This is a topic which has been brought up recently among the year 12 year level on the common room white board and on the Facebook page. That is that on the 23rd of February Fair Work Commissions cut Sunday penalty rates for part time and casual workers in hospitality, fast food and retail industries, which will come into effect as of 1 July 2017. I imagine that this would be a very important change to a lot of you who have part time and casual jobs in these industries. These changes where supported by Malcolm Turnbull who believes they are an “appropriate objective and [the liberal party] certainly welcome transition arrangements that mitigate as far as possible or offset the impact on the take-home pay packet”.
So what are the actual changes that are taking place on Sunday penalty rates? Well here they are from an ABC news article:
The penalty rate for full-time and part-time employees will be cut from 175 to 150 per cent.
There’s no change to the Sunday rate for casuals which will stay at 175 per cent.
In fast food:
The Sunday penalty rate will be reduced for level one employees from 150 to 125 per cent for full-time and part-time employees and from 175 to 150 per cent for casuals.
There’s no change to Sunday penalty rates for level two and three employees in that award.
The Sunday penalty rate for full-time and part-time employees will be taken down from 200 to 150 per cent.
The Sunday rate for casuals will be reduced from 200 to 175 per cent.
The rate for full-time and part-time employees for work between 7:00am and 9:00pm on Sundays will be reduced from 200 to 150 per cent. The Sunday rate for casuals will be reduced from 200 to 175 per cent.
So what do these changes mean for workers and small businesses?
Most obviously, the change in penalty rates will mean that part-time and casual workers who work on Sundays (mainly students, and people with families who are not the main source of the families income) will get less money from hours they work on Sundays, which in turn will mean they have less money to spend. It is also argued that this is not fair compensation for time that could have been used to spend with family, at sporting events and other social activities. On the flip side, these changes is welcomed by many small businesses who have complained that they have had to reduce their number of staff or even restrict operating hours to exclude Sundays due to the high cost of wages. This will mean that businesses can stay open on Sundays, providing more goods and services, as well as employ more staff on these days which allows for better quality of service. However, there is no guarantee that businesses will actually employ more staff on Sundays, which would mean that the changes could have no positive effect for these workers at all.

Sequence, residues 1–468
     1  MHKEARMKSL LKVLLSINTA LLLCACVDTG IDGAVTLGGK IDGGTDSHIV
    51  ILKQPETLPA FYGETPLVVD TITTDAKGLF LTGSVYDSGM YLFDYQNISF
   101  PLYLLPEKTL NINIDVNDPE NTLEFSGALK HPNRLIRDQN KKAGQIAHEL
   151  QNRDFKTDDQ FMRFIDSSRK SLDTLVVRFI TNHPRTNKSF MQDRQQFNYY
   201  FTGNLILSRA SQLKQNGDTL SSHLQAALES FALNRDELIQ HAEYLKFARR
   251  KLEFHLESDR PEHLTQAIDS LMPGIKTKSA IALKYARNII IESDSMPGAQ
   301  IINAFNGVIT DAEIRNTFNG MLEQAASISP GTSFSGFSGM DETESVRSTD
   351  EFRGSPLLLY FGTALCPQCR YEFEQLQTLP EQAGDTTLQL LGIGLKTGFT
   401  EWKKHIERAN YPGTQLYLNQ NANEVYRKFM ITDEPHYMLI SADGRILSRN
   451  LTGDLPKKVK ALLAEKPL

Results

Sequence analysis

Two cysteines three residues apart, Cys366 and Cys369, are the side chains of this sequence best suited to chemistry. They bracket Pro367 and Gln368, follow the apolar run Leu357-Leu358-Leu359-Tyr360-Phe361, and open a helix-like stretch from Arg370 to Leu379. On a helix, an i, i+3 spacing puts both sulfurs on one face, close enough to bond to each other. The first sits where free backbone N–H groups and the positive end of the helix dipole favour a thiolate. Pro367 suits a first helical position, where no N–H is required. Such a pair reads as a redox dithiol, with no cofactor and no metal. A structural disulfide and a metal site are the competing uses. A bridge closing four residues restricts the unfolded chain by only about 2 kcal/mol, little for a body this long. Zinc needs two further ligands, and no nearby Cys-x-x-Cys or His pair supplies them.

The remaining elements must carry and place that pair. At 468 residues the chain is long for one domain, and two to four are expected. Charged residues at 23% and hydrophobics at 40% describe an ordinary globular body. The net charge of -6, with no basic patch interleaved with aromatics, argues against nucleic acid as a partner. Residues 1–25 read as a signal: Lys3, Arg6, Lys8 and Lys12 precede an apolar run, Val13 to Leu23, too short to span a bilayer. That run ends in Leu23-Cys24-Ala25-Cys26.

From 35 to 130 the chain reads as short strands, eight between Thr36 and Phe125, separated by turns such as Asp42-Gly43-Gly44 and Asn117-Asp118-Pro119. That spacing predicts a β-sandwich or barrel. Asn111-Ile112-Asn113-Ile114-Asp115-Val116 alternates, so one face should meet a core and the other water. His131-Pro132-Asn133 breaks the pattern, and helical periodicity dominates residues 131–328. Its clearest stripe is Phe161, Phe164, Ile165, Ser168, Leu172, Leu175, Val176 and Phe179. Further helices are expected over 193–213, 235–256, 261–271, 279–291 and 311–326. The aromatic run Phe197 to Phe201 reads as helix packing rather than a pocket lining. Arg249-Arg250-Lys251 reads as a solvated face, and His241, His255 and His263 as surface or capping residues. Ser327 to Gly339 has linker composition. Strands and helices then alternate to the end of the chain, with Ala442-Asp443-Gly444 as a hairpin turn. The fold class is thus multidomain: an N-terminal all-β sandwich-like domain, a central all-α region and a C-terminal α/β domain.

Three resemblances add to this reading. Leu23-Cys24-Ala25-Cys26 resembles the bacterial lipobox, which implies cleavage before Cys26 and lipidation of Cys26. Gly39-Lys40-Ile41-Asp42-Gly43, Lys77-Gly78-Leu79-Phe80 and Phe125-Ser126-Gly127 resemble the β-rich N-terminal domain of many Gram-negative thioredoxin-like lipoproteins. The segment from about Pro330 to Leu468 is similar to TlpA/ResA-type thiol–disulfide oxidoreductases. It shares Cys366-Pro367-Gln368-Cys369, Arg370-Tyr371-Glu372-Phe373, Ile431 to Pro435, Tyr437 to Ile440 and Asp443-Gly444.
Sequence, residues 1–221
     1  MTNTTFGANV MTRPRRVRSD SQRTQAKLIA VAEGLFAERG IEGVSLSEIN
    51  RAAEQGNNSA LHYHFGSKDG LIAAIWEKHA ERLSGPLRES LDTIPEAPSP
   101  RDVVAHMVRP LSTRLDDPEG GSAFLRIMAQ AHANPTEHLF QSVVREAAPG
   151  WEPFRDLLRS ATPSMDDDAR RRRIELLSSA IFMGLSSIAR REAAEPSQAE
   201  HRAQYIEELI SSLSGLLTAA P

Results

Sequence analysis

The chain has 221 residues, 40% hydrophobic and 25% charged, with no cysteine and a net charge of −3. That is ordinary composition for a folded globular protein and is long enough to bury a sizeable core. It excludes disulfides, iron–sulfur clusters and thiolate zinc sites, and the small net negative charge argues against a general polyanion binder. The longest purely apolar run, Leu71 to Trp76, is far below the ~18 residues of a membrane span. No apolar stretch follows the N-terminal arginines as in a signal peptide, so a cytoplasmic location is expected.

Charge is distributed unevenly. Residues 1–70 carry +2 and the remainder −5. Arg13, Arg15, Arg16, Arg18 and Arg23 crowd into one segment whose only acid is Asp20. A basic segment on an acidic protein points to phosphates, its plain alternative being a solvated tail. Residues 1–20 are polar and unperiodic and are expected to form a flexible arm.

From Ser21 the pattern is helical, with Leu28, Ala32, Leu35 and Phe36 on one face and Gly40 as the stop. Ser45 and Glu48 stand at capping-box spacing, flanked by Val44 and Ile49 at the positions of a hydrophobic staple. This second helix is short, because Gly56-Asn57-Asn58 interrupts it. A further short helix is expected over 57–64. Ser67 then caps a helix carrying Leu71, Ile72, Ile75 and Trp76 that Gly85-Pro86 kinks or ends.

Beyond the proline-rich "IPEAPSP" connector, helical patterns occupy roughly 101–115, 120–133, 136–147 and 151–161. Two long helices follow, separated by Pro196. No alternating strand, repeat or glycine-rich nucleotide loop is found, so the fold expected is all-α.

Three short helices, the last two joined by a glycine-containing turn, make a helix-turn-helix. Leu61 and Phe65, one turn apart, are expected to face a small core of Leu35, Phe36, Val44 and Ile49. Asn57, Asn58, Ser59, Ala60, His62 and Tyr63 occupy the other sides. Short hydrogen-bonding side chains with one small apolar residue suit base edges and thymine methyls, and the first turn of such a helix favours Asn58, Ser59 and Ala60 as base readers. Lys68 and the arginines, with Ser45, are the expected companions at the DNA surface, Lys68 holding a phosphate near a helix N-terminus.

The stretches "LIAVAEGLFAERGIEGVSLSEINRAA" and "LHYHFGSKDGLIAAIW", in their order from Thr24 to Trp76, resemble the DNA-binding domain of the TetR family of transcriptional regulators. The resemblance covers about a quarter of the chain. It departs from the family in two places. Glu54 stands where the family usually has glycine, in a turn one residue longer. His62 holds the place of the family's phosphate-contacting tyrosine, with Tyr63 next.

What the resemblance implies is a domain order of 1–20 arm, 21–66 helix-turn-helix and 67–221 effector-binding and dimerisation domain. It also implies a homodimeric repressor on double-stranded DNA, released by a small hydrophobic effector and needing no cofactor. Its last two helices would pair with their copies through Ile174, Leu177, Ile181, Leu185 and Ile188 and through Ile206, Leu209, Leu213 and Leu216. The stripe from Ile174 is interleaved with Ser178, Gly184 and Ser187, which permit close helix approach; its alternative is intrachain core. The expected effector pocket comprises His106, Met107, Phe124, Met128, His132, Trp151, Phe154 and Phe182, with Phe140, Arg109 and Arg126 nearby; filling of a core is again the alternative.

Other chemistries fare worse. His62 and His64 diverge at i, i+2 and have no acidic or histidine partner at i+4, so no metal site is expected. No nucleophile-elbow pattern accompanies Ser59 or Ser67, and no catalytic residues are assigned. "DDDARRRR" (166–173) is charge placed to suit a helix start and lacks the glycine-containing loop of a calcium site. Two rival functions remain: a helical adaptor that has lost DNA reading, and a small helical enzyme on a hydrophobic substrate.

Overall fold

What is my view on the issue?
Well to be honest I’m not quite sure what side I take, I think there is a good chance this change could end up being good or bad (maybe you can try to convince me of one outcome with a good comment). However, one of my family members brought up something interesting that I hadn’t really thought about, that is that just because the Government is not regulating it as much, doesn’t mean that wages are guaranteed to stay low. If price of wages decreases then supply of labour is likely to contract which would force employers to increase the wages they offer in order to attract more workers (increased demand). This is to say that by decreasing government intervention we are leaving the price of wages more up to the powers of a free market.
image from The Age